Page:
Since upgrading to OS X, I’ve occasionally bought stuff at the Apple music store: the odd song here and there, and one complete CD (Traffic’s “Feelin’ Alright”; how I lived so long without it is beyond me). The interesting thing that’s emerged is that I have no interest in using it to buy new music that I’ve never heard: I use it as a time machine, to find those songs that I heard in my youth, but never liked quite enough to spend $17 on (the cost of a whole CD from which I might want one or two songs). After many years, I finally have a copy of Rush’s “Red Barchetta” (which I had on an LP, but never upgraded to CD).
It’s also proved especially useful for some odd songs that I heard rarely, but never succeeded in tracking down. For example, Derek and the Dominoes did an extraordinary version of Jimi Hendrix’s “Little Wing” that, for whatever reason, is hard to get; now I have both the studio and live versions of it. (And man, is it great. Very different either from the Hendrix, or Sting’s perfect, sublime version.) And even when I don’t find what I’m looking for, there’s a good chance of stumbling on something entertaining. There’s a hip-hop version of Queen’s “Bohemian Rhapsody?” There’s a 3-minute version of Iron Butterfly’s “In a gadda da vida?” I didn’t know that until earlier today….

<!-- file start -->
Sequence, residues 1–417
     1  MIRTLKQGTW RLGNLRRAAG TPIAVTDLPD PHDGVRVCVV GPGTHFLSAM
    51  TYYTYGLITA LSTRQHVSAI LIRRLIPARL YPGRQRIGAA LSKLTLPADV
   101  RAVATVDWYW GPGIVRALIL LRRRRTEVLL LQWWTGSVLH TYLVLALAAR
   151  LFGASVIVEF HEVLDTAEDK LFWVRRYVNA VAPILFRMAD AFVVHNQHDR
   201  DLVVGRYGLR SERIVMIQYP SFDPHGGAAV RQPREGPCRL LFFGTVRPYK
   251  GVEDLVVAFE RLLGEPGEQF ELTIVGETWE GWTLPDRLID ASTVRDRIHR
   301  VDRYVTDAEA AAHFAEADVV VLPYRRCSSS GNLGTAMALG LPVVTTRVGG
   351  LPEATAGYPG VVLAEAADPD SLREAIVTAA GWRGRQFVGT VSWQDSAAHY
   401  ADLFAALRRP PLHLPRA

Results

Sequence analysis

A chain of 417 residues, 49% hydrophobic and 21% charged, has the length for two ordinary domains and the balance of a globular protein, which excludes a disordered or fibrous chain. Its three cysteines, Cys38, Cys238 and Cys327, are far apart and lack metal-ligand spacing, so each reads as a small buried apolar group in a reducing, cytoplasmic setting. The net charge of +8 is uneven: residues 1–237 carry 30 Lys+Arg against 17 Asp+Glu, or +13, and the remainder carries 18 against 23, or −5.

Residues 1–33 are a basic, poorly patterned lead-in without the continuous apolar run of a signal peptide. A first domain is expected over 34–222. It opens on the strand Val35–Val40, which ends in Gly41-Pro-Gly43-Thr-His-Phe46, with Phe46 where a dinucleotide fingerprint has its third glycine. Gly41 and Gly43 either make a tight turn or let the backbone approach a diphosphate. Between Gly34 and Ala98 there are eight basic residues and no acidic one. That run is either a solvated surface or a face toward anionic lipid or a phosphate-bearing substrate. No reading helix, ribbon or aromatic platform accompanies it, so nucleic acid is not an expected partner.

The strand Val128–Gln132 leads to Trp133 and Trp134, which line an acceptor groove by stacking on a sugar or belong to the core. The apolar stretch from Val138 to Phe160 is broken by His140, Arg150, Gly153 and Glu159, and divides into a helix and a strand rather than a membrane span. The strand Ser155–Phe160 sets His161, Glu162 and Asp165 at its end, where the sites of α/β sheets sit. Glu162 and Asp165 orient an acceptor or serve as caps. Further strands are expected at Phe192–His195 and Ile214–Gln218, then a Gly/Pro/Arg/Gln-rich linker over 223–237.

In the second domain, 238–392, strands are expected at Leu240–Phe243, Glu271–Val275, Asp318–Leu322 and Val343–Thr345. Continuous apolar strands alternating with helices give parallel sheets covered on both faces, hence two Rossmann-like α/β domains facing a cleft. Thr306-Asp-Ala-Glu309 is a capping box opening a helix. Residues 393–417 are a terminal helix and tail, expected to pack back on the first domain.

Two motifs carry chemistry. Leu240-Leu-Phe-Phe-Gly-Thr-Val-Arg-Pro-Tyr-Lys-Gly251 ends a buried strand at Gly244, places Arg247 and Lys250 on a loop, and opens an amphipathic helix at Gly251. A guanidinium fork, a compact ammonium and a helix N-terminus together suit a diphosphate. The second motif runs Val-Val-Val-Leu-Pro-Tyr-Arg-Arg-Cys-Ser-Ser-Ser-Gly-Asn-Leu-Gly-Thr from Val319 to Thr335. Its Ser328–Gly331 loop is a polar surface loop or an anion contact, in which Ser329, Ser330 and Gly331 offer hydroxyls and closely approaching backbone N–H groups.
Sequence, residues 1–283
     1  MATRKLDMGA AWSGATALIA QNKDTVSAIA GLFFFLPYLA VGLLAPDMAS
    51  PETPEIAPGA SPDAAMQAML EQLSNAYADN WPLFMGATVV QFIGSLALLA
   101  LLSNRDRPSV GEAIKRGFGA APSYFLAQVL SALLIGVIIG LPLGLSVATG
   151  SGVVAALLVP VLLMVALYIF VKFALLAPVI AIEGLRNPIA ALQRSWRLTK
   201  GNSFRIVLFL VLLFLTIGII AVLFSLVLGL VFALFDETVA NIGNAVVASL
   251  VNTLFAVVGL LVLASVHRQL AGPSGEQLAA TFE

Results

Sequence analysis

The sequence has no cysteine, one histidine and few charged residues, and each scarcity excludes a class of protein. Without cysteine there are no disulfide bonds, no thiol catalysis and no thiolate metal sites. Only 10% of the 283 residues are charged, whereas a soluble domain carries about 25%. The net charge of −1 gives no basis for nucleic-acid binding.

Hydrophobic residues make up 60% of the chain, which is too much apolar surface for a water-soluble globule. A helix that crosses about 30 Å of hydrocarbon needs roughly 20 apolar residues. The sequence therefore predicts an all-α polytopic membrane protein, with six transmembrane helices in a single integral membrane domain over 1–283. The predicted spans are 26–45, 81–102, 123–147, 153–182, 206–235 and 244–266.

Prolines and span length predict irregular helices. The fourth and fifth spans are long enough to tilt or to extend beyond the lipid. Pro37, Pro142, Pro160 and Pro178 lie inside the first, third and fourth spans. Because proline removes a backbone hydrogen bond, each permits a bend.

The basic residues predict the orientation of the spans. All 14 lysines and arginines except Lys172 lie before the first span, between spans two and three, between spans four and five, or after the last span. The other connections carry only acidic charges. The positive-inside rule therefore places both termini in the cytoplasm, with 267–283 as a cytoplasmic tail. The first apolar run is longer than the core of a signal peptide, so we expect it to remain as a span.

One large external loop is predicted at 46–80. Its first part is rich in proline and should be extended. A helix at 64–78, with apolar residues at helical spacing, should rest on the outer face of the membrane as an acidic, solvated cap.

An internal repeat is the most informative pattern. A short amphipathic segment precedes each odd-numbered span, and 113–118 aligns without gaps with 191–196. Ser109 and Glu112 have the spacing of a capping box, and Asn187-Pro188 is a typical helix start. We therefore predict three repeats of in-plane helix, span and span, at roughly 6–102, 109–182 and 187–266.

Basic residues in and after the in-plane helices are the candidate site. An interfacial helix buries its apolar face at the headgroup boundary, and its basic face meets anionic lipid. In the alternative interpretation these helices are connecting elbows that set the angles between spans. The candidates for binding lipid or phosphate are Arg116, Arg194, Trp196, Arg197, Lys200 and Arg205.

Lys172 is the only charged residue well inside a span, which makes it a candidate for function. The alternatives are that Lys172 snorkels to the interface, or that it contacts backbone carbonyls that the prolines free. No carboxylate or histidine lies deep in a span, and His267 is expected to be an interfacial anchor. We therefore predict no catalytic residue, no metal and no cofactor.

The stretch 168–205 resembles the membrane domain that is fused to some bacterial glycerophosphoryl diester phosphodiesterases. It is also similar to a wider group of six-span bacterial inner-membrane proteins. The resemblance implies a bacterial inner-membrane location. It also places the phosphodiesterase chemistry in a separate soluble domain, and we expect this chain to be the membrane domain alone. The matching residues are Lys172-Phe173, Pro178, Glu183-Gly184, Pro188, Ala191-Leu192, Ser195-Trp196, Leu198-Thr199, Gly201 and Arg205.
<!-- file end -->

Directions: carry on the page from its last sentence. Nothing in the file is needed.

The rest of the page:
If the Apple model becomes the industry standard– in other words, if it becomes common practice to sell individual songs, rather than entire CDs– then it’ll mean that all these good songs by middling or short-lived acts stand a much better chance of surviving, and being listened to in the future. Groups with giant backlists can be assured that their music will continue to be accessible (both because there will be people who’ll buy anything from the Rolling Stones, and because the average listener will find enough songs in a CD or box set to justify buying it); but groups that have two or three really memorable songs stand little chance of surviving in the CD world.
It would also mean that songs by well-known performers that never make it onto conventional CDs could be more easily available, like Sting’s great version of “Windmills of Your Mind,” which was in the closing credits of “The Thomas Crown Affair” and hasn’t been seen since; or his quirky cover of The Beatles’ “A Day in the Life,” from the otherwise completely forgettable “Demolition Man.” (Neither is not on the Apple music store, alas.)